Next to Godliness: Bowser Lab Bench Cleanup Protocol

In this lab, we are trying to find unique genetic signatures of organisms in sediment samples and from isolated cells. Since we prep a lot of samples, there’s always the chance that DNA from one experiment could wander into the tubes for another. This is a Bad Thing, since we don’t have any way of telling whether a bit of DNA is supposed to be there or not. And since our detection techniques are sensitive, even a tiny amount of contamination can make a big difference.

The best way to deal with this is:

Before you begin any experiment in the PCR or primary-purification areas,
you must perform a Bench Cleanup Protocol.

1. Put on a pair of latex gloves.

2. Remove pipets, pipettors, beakers of tubes, boxes of pipet tips, etc. from the bench surface.

3. Wipe the entire bench surface down with Clorox solution, followed by a wipedown with 70% ethanol. Allow to air dry. The bench surface is now free of all DNA.

4. Wet a Kimwipe with a bit of the Clorox solution. Wipe down the bottoms of the beakers and tip boxes, and place them on the bench. Throw out the Kimwipe.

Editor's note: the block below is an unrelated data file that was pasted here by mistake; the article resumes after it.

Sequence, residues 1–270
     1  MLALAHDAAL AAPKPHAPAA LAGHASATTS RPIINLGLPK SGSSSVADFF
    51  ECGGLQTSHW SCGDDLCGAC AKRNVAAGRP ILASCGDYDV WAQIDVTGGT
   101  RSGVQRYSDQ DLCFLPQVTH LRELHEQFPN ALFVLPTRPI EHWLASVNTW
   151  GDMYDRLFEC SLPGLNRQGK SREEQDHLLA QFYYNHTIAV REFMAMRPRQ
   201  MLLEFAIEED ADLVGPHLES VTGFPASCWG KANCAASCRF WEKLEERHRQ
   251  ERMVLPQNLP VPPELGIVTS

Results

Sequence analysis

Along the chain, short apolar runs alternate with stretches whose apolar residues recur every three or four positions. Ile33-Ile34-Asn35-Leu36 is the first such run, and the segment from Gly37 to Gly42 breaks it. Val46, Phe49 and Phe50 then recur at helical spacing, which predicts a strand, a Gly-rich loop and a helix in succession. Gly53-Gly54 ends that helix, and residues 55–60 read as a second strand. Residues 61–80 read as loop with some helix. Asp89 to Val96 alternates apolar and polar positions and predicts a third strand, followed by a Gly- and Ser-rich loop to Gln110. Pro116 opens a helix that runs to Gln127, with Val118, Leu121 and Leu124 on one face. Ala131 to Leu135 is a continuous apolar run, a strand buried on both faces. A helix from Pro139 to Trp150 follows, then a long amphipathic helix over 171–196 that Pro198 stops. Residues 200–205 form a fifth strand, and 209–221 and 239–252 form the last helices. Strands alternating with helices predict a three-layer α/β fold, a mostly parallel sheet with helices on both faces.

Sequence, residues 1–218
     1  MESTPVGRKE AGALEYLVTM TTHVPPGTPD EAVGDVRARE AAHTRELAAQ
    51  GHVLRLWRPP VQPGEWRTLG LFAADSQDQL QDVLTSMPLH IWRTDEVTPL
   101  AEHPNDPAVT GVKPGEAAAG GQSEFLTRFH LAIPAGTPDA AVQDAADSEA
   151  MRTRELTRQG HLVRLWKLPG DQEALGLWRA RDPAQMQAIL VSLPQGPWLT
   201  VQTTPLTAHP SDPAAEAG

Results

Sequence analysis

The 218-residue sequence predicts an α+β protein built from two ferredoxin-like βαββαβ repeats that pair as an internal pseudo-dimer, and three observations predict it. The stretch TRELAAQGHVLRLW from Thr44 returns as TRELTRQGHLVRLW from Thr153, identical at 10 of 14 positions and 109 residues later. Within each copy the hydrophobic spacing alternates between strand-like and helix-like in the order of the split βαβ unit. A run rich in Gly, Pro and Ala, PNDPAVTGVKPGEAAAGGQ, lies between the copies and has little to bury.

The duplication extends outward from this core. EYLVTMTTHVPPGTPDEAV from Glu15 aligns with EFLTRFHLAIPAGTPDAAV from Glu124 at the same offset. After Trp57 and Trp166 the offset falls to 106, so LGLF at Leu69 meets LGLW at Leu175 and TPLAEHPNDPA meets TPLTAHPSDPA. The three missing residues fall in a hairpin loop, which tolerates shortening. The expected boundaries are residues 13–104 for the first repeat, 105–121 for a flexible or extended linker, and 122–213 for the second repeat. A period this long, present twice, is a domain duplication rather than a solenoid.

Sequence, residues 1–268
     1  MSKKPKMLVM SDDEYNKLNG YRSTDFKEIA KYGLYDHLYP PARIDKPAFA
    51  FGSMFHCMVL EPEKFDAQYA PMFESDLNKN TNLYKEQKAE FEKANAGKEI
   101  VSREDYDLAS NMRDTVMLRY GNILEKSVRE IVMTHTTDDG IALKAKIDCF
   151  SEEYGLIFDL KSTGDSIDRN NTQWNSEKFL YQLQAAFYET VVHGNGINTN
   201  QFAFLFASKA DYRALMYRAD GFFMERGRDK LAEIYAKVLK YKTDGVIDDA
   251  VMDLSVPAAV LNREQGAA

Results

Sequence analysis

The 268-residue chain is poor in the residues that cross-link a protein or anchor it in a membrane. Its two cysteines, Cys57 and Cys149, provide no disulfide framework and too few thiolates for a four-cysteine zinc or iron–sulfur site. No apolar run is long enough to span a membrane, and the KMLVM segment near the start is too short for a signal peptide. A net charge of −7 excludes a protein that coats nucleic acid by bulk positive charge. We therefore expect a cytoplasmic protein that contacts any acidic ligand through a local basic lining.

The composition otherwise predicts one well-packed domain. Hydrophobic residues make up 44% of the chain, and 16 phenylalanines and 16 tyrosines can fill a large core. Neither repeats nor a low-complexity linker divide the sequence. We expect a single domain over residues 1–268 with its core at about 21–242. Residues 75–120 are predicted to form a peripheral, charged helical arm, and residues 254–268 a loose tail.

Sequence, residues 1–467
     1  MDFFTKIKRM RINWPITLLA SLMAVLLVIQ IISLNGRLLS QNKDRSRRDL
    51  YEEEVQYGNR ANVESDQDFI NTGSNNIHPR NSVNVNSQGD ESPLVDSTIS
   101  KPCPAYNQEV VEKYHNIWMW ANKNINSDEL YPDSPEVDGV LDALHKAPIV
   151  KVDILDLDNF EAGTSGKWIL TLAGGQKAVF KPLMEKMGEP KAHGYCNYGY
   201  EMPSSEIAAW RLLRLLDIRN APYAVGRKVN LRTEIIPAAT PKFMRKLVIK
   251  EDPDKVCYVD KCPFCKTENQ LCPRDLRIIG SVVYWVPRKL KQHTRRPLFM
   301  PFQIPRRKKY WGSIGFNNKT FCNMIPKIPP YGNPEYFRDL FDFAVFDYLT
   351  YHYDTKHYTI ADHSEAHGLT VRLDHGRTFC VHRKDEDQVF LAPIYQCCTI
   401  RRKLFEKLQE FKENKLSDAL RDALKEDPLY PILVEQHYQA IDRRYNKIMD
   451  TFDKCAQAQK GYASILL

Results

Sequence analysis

5. Wet down a Kimwipe with some RNAse AWAY solution. Carefully wipe down all surfaces of each of the pipettors. Clean away the solution with a fresh Kimwipe. Change gloves after cleaning if you have any reason to suspect a pipettor is heavily contaminated with DNA (such as the presence of dried globs of something-or-other). Throw out the Kimwipes, and change gloves.

6. Get a waste container. If you are in the PCR areas, use a fresh, clean 800-ml beaker. If you are in the primary purification room, put a new plastic bag inside the round metal waste container.

7. If there is something that you cannot clean this way, such as some powdered reagents, you can use a short-wave UV light. Ask Andrea to show you how.

You are now ready to begin your experiment.

During the experiment:

After you’re done:

Dispose of your garbage. Do not bring the container (beaker or bag) back into the room.

Do a Bench Cleanup Protocol again. Yes, the next person ought to clean up before they start. This is an insurance policy. Finding and eliminating a hidden source of contamination is a royal pain, and we want to avoid it if at all possible.

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